It is perhaps no surprise that the media profile of the Stirling Prize over the past 17 years reflects the latest economic cycle of the construction industry. As well as the Millennium projects, the artificial boom of the New Labour government offered affordable financing of projects large and small. Meanwhile programmes such as Talkback Productions’ own Property Ladder and Grand Designs encouraged the public’s skirmish with property and, arguably, interest in architecture. From the media-friendly affair with ‘iconic starchitecture’ to regular controversy such as this year’s revived Park Hill, depicted as a ‘concrete monstrosity’, the prize has given the media something architectural to focus on.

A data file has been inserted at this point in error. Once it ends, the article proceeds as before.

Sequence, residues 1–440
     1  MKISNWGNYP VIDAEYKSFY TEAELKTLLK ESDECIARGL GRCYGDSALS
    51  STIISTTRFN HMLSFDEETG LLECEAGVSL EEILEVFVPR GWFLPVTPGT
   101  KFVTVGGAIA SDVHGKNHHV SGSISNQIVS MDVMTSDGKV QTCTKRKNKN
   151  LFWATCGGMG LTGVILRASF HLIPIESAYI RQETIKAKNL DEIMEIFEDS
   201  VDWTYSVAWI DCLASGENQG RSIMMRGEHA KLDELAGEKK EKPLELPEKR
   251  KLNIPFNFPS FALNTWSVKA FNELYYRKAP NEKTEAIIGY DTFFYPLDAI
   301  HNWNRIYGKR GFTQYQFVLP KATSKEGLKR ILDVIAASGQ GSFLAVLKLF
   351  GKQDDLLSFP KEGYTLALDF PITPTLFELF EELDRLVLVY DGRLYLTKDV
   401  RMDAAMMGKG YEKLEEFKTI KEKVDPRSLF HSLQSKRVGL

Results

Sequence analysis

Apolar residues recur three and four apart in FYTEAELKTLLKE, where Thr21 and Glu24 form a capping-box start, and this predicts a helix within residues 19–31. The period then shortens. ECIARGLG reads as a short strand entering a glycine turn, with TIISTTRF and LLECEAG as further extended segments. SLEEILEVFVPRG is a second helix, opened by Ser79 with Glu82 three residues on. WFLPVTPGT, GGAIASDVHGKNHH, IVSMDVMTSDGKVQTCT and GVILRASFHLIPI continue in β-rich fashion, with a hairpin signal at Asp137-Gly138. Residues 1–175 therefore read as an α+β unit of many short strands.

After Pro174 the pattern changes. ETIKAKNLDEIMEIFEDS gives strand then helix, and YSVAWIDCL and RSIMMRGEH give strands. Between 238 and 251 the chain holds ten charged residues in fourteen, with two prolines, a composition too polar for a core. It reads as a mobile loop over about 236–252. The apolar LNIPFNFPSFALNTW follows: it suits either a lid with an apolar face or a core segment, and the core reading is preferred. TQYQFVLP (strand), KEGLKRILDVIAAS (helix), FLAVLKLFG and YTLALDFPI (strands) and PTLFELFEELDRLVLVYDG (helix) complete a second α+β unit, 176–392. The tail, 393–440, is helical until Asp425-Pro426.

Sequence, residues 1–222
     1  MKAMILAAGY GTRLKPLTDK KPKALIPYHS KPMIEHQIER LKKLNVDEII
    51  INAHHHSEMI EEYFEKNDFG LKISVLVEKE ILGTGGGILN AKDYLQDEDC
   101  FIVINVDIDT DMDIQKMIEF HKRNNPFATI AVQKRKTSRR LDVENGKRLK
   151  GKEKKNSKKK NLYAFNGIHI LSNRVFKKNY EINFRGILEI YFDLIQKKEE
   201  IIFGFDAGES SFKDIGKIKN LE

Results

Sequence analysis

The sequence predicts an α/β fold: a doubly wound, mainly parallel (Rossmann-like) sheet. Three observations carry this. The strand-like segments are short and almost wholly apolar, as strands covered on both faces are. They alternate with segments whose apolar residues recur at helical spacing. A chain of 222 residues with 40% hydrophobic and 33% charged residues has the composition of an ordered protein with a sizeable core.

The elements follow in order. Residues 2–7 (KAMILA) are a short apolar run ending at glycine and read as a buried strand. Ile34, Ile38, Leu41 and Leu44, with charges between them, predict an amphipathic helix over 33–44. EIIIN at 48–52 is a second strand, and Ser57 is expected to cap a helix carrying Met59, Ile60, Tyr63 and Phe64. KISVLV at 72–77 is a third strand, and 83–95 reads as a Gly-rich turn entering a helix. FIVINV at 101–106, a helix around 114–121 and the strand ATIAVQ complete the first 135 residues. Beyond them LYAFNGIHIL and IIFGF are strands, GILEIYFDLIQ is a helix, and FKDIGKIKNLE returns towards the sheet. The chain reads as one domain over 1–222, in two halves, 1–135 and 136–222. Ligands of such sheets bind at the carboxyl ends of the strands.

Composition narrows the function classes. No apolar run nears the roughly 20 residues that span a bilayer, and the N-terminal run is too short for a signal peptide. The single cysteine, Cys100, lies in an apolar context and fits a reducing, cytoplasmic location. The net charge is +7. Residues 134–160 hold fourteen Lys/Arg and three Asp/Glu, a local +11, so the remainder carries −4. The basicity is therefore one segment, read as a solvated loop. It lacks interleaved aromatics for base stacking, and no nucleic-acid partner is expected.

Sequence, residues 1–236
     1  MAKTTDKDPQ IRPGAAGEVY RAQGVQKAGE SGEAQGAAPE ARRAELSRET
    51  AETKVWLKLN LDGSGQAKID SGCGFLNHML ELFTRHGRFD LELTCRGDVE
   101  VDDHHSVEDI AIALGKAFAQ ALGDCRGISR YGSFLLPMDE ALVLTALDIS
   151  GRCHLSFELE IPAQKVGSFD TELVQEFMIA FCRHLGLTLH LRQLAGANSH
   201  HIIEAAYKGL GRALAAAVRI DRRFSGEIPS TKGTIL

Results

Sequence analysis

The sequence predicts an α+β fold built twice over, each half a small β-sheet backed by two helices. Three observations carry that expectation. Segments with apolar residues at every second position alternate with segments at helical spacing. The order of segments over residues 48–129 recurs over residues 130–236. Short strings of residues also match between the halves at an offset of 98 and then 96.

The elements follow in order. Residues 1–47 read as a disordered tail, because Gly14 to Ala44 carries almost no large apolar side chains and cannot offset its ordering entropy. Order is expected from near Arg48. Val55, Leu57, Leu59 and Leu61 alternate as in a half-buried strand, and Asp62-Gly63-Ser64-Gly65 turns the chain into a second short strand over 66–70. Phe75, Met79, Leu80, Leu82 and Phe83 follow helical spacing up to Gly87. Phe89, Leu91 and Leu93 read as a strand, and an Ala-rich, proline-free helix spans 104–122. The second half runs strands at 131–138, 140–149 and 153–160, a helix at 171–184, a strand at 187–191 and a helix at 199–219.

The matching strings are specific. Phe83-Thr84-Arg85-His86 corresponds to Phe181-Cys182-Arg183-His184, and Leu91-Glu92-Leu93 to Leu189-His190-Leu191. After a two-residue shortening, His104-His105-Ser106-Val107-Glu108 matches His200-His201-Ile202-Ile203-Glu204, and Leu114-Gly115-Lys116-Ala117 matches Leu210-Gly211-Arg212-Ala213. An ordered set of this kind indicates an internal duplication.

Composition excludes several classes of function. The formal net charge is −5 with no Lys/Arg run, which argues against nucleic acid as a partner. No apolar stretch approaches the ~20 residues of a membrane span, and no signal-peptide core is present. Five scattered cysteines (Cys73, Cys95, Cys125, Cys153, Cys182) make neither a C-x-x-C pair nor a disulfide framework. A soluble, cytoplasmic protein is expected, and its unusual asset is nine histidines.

The current separation of the prize from television – though not the BBC website – is an opportunity for the award to re-establish its values. During its founding, Mary Stirling was adamant that it should be used to help the younger generation of architects as her late husband had struggled for recognition early on. Refreshingly, this year’s shortlist is made up of less established names not previously nominated for the prize.
Where are the winners built?
Other English regions: 3
Figures to 2012
Nathan Breeze is a fifth year M.Arch architecture student at the Bartlett, writing a dissertation on the Stirling Prize and mainstream media
Steve Parnell is an architect, critic, and lecturer in architecture at the University of Nottingham